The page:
• when setting a ratio, a firm should consider all potential scenarios, including exceeding its financial objectives. The ratio should reflect the highest amount of variable remuneration that can be awarded in the most positive scenario. A firm should be satisfied that it has considered all relevant factors and should be able to explain its decision to the regulators if required.


Perhaps the most important change in the policy statement relates to the regulators’ approach to implementation. The PRA and FCA have confirmed that the requirements will be effective on 31 October 2023 and will apply to firms’ performance years ongoing on that date, as well as to future performance years – this is different to (and more immediate than) what was proposed in the consultation, which removed the requirement for firms’ performance years starting after the date of publication of the final policy (being, for most firms, performance years starting in 2024). The regulators believe that, by giving firms the flexibility to restructure pay faster, they will enable them to deal with downturns, foster better market conduct and prudent risk management, and compete for and attract new talent sooner.

Importantly, the policy statement confirms that firms may, if they wish, choose to wait until a later date (for example, the start of their next performance year) before making any changes. They may also choose to keep their current approach indefinitely. In addition, the regulators will not ask firms to re-submit their remuneration policy statements for the ongoing year if they have already done so. 


Last year’s consultation proposed the deletion of wording in a supervisory statement which: (1) included guaranteed variable remuneration in the variable component of the fixed to variable ratio; and (2) required firms to use an annualised rate to determine the fixed pay of a part-year MRT. The feedback was that deleting this language would create confusion, so it has been retained.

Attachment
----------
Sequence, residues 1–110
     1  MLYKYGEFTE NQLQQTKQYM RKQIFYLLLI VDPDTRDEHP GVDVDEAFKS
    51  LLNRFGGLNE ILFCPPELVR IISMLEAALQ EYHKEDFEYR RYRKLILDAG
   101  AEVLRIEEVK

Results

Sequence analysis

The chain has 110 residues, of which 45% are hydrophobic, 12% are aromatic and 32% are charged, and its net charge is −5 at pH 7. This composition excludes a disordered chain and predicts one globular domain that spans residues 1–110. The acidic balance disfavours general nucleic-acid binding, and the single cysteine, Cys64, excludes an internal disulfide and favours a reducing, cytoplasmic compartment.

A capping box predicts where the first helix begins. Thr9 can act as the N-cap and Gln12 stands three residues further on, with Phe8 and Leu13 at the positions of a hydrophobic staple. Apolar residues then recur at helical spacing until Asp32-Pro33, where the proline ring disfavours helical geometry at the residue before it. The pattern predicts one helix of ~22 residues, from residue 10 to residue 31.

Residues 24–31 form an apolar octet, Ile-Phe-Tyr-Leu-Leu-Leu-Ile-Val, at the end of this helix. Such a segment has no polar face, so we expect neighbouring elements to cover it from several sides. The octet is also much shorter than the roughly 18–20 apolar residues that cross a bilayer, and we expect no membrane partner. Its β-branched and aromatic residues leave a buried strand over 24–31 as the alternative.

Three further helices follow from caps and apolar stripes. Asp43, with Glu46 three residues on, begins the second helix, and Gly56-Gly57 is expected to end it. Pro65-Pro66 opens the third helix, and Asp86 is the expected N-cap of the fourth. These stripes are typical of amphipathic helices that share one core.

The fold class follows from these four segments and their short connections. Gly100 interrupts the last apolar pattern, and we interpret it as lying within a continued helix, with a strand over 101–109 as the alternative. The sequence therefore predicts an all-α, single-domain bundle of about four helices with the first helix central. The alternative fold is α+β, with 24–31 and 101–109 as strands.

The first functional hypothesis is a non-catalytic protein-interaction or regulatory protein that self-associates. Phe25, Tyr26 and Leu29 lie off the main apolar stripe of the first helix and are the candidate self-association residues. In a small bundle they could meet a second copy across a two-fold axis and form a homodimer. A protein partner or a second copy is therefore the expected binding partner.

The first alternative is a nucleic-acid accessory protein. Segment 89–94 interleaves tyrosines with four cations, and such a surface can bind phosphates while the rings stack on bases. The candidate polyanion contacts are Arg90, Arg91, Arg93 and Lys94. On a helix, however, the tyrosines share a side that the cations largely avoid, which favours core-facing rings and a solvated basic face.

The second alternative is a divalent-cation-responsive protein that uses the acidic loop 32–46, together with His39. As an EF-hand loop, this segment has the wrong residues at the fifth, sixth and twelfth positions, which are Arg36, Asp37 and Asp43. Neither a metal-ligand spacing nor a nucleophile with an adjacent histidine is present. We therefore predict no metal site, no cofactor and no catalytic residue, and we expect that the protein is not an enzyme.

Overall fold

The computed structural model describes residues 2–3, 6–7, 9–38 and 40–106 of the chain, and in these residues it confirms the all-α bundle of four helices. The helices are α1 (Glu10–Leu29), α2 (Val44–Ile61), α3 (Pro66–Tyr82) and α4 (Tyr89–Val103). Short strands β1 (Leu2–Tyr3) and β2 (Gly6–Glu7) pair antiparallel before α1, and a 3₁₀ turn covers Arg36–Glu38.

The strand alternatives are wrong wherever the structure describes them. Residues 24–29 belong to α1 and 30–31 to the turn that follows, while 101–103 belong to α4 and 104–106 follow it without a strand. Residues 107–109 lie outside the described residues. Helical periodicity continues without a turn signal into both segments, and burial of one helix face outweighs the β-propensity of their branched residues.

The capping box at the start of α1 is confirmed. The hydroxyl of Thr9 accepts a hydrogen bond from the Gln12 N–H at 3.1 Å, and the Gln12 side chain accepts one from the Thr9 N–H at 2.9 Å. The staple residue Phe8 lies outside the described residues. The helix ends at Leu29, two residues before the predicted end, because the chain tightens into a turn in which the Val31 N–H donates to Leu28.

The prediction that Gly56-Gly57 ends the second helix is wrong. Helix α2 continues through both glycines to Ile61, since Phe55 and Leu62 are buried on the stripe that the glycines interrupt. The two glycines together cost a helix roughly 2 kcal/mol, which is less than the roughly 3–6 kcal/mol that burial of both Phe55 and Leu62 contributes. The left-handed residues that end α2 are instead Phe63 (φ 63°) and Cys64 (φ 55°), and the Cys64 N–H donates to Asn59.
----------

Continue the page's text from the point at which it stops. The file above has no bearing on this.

What should financial services firms do now?

While firms could implement changes to their remuneration policies as early as 31 October 2023, and some may take advantage of that for new hires, it is likely to take longer for broader changes to arrangements for existing MRTs to take effect. 

Firstly, firms who move away from the existing ratio will need to determine the appropriate ratio to apply in its place – and whether to apply different ratios for different groups of staff.  Of course, any changes to employment terms and conditions will also generally require employee consent. And with a greater proportion of pay being variable and therefore potentially less transparent, firms will need to be mindful of additional employment law considerations, including in relation to discrimination and equal pay. 

Ultimately, the removal of the cap will mean that financial services firms will have greater flexibility over how they align incentives with effective risk management and good conduct. This will hopefully discourage individual behaviours that could lead to misconduct. It may also enable firms to compete more effectively for talent – both with other jurisdictions and with other firms such as asset managers and private equity firms, which are generally subject to less onerous restrictions.

It is also worth noting that the policy statement referenced several topics from the feedback that the regulators deemed to be beyond the scope of the consultation, notably changes to deferral periods, interaction of this reform with the review of the Senior Managers and Certification Regime, treatment of buy-outs for new hires and role-based allowances for replacement MRTs. In response, the regulators reiterated that they intend to look more broadly at the remuneration rules in due course, so watch this space.


employment, incentives, regulatory, financial services